The first semester of my sophomore year of college was a crucible for gaming unlike any other time in my life. Iíd lived game-free for my entire freshman year, having left my TV and Super NES at home in order to focus thoroughly on scholastics. (Yeah, disgusting, I know.) But I couldnít stick to my guns for a second year; every time I went home as a freshman, Iíd discover some amazing game like Secret of Mana or Super Metroid that made me realize I wasnít quite ready to cut the cord with video games just yet.

So, the following year, I took my Super Nintendo along with me to school and, thanks to a surprisingly light class load, I had tons of time to chill out in my dorm room working through my game acquisition for the current month. I didnít even have to be antisocial! I had so much free time I could hang out with my friends for hours and still have scads of time to devote to my current game fling. When I miss college, thatís why.

When Final Fantasy III (VI, whatever) arrived, it frankly blew my mind. Iíd grown accustomed to the idea of RPGs as visually unattractive, slow-paced grindfests. FFIII was visually stunning, fast-paced, and constantly engrossing. It devoured my free time for weeks, and actually stunted my social life a bit -- the friends I normally hung around with loved games, but not RPGs. So I was on my own for a while.

Due to the parochial nature of my university, I lived in gender-segregated housing for the first two years of college. I actually didnít mind, because it was much better to hang out with female friends somewhere that didnít reek of 400 college dudesí old laundry, and it also meant I never woke up in the middle of the night to hear my roommate performing a mattress stress test with his girlfriend. The sole exception to the ďno girlsĒ rule came once per semester during Open House night, wherein we were allowed to go visit other dormitories -- even those of the other sex. Gasp! The stipulation was that we had to leave our doors open the entire time for easy observation by resident assistants. God forbid we might kiss a girl while no one was looking.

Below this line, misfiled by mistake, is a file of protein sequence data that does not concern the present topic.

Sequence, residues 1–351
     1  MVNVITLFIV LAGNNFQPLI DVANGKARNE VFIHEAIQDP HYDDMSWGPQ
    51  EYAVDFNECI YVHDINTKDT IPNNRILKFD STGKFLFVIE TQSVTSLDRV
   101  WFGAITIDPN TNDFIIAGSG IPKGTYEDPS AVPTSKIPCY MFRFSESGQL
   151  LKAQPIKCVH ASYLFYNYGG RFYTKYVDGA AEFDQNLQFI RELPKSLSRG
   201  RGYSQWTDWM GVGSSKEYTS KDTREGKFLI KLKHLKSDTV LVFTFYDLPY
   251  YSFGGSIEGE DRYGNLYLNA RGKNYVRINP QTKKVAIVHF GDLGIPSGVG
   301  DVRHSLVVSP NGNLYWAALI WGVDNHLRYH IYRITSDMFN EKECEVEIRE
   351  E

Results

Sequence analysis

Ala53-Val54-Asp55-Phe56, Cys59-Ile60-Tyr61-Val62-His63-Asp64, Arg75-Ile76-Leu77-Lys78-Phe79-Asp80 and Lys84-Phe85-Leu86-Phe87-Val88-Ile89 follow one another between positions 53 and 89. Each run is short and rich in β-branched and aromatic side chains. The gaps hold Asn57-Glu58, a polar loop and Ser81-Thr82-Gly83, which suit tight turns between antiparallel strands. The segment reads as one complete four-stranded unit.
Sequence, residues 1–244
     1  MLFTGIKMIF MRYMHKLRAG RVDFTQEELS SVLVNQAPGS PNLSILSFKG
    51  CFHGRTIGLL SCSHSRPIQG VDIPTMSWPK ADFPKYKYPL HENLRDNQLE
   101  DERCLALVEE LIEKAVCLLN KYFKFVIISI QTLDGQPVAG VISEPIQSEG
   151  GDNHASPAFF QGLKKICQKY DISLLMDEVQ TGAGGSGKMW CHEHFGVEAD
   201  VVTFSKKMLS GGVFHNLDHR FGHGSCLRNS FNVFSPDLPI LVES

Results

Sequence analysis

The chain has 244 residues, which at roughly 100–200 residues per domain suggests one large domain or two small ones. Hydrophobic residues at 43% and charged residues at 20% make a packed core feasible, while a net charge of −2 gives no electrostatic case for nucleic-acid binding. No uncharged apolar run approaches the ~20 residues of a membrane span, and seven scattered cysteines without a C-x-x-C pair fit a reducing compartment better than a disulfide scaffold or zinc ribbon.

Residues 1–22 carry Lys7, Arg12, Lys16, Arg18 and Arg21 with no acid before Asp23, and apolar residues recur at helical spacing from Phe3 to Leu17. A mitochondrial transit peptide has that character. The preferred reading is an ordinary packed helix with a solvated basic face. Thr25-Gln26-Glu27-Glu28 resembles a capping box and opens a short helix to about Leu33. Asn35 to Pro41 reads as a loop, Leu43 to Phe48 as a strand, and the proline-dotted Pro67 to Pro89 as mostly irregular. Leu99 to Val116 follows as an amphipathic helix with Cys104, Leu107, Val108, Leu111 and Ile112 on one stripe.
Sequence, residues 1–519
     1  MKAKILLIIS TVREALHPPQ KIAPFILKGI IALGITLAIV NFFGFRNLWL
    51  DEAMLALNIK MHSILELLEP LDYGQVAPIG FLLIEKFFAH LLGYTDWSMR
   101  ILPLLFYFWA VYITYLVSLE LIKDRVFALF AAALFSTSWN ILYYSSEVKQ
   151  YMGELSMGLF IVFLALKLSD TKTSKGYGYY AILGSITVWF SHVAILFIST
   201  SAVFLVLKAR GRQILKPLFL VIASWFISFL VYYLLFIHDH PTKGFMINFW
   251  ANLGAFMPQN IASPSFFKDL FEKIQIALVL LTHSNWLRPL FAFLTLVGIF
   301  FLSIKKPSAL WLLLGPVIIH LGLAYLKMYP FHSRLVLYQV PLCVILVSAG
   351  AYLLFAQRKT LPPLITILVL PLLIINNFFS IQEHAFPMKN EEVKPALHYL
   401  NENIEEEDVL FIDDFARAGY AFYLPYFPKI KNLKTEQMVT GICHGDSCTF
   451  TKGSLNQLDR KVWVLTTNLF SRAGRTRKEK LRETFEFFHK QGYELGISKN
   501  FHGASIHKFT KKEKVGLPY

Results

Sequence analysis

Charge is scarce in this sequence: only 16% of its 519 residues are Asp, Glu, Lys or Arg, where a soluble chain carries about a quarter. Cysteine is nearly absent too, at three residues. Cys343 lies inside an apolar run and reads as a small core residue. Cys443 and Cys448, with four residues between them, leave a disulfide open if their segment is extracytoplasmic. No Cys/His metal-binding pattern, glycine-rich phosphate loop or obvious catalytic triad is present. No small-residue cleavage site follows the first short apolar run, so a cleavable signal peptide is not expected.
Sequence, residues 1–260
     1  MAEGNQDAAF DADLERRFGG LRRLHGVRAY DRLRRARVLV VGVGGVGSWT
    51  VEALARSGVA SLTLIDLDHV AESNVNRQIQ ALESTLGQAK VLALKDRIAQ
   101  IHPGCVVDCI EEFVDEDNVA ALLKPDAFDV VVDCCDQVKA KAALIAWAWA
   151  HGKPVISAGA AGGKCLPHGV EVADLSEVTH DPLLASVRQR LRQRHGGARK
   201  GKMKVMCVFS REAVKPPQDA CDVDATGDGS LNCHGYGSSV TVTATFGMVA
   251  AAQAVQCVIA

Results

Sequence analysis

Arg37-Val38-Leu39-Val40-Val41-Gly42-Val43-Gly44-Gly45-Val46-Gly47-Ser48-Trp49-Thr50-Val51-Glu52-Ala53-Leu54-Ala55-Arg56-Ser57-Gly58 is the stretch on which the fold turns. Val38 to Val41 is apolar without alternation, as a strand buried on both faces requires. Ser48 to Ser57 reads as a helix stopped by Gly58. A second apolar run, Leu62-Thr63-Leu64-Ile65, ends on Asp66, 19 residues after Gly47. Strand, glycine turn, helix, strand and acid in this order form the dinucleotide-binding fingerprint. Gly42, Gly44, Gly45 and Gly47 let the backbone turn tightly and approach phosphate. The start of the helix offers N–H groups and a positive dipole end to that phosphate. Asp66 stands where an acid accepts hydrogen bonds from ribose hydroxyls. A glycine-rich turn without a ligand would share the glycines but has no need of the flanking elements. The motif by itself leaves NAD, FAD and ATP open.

I was having none of it the night of that semesterís Open House. I had reached the Floating Continent in FFIII, and I was entirely too caught up in what appeared to be the climax of the game to want to talk to random people dropping by my room, even if they had boobs. Especially if they had boobs, really. The ones I knew definitely wouldnít appreciate the finer points of a game like Final Fantasy III, or in fact of any game whatsoever. So, I did the proper thing: I lied.

Which is to say, I turned off my lights, muted the TV, locked the door, and hoped people would assume I was out and about. I kept hearing lady classmates express their disappointment that I wasnít around as they came across my sealed-up door. But I didnít care! I was gonna murderize Kefka.

But as proof that liars never prosper, my dishonest dealings did bite me in the butt: My TV was on mute, so I didnít get to enjoy ďThe Fierce Battle,Ē the incredible music that accompanies the Atma Weapon battle, until my second playthrough of the game.

Final Fantasy VI Recollections: Leaf | Open House | Kefka's Domain | Retrospective